One of the most riveting moments of Tuesday night's Democratic primary debate came when CNN's Anderson Cooper asked Sen. Bernie Sanders (I-Vt.), who identifies as a "democratic socialist," to confirm that he is not a capitalist.
"Do I consider myself part of the casino capitalist process, by which so few have so much and so many have so little by which Wall Street's greed and recklessness wrecked this economy? No, I don't," he said, with force. "I believe in a society where all people do well. Not just a handful of billionaires."
"Just let me just be clear," Cooper asked. "Is there anybody else on the stage who is not a capitalist?"
No one answered him directly. It was perhaps an indication that skepticism of or opposition to capitalism — long associated in the minds of U.S. voters with this country's communist archrival in the Soviet Union — is again becoming viable on the political left.
Socialism, democratic socialism and other alternatives to the predominantly capitalist model in the United States used to be an important part of the American political landscape. The legacy of that era is still with us today in a number of widely popular federal programs that are socialist in design even if most Americans don't recognize them as such.
Today's elderly citizens would have been children the last time someone calling himself a socialist of any stripe was taken seriously as a national political figure. Here are answers to a few questions you might have about socialism if it's a new idea for you, as it likely is for many voters.
What is socialism?
What about Sanders's philosophy, democratic socialism?
Why aren't there more socialists in the United States?
What are some socialist things that I interact with in my daily life?
What do Americans think about socialism?
What's the difference between a democratic socialist and a Democrat such as Hillary Rodham Clinton?
What are some of the arguments against democratic socialism?
Could democratic socialism work here?
It's probably impossible to answer this question with a one-size-fits-all definition. That said, here's a rough attempt to sketch what it means to be a socialist.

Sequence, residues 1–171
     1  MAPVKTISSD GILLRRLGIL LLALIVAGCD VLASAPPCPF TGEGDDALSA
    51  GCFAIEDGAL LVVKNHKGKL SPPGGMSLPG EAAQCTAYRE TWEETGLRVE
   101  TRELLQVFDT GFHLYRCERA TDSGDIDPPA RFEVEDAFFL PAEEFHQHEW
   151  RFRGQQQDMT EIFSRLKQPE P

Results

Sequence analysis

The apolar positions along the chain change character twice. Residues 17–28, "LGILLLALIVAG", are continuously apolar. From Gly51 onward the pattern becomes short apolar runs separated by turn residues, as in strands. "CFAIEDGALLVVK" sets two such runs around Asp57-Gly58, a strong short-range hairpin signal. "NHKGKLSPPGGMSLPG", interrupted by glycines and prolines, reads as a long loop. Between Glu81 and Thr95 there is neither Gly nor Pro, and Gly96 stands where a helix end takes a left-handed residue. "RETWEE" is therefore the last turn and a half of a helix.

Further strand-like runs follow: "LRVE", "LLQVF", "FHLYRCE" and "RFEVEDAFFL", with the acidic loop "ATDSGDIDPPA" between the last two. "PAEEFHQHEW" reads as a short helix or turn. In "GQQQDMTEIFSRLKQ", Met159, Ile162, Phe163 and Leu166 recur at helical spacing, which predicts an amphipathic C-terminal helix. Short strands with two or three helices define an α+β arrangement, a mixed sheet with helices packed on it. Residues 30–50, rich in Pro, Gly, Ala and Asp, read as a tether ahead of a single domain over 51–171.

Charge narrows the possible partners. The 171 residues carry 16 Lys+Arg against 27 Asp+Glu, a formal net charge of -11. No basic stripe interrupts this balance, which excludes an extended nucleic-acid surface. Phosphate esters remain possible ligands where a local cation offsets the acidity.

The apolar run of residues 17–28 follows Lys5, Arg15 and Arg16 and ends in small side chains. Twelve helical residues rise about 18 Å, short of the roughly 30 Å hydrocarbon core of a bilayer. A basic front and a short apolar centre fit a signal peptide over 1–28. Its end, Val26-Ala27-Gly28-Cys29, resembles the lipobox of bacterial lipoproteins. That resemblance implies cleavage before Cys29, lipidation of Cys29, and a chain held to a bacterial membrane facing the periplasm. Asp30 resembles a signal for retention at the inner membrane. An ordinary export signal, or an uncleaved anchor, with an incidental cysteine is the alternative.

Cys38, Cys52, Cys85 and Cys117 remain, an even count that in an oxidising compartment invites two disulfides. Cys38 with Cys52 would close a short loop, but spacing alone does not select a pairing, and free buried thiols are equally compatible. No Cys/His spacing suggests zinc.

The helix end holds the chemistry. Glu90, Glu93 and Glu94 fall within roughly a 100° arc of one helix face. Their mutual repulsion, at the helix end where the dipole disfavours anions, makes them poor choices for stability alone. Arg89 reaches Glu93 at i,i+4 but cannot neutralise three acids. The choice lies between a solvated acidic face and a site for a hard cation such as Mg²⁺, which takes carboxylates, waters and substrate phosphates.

Socialists believe that the government should provide a wide range of basic services to its citizens free of charge or at a discount, typically including university education and health care, as well as child care, housing, telecommunications, energy and more in some countries. They believe that these services should be available to everyone, not just the neediest. In some forms of socialism, these sectors of the economy are owned and controlled by workers, as opposed to the government.
Socialists think that public or worker ownership can provide these services more cheaply and more equitably than the free market. They also hope to use these sectors of the economy to establish genuine equality of opportunity — in other words, they think that everyone should have a truly equal chance at success in life, regardless of the advantages of birth. At the same time, socialists believe in redistributing national income and wealth on the theory that being successful doesn't really mean you deserve far, far more than anyone else.
Socialism isn't just a list of economic prescriptions for government, though. Perhaps above all, socialism is a moral view. It is the idea that people share something, that we're all in this together, that we've got to help each other out.
This difference between socialism and democratic socialism is actually kind of important. First of all, Sanders isn't talking about using government to take over large sections of the economy. He doesn't want to make Comcast part of the government, for example. He's also not talking about putting an end to the stock market and giving workers control over their companies. Some socialist countries, such as China and the Soviet Union, have sought to nationalize services under regimes that haven't given their citizens much say in those decisions.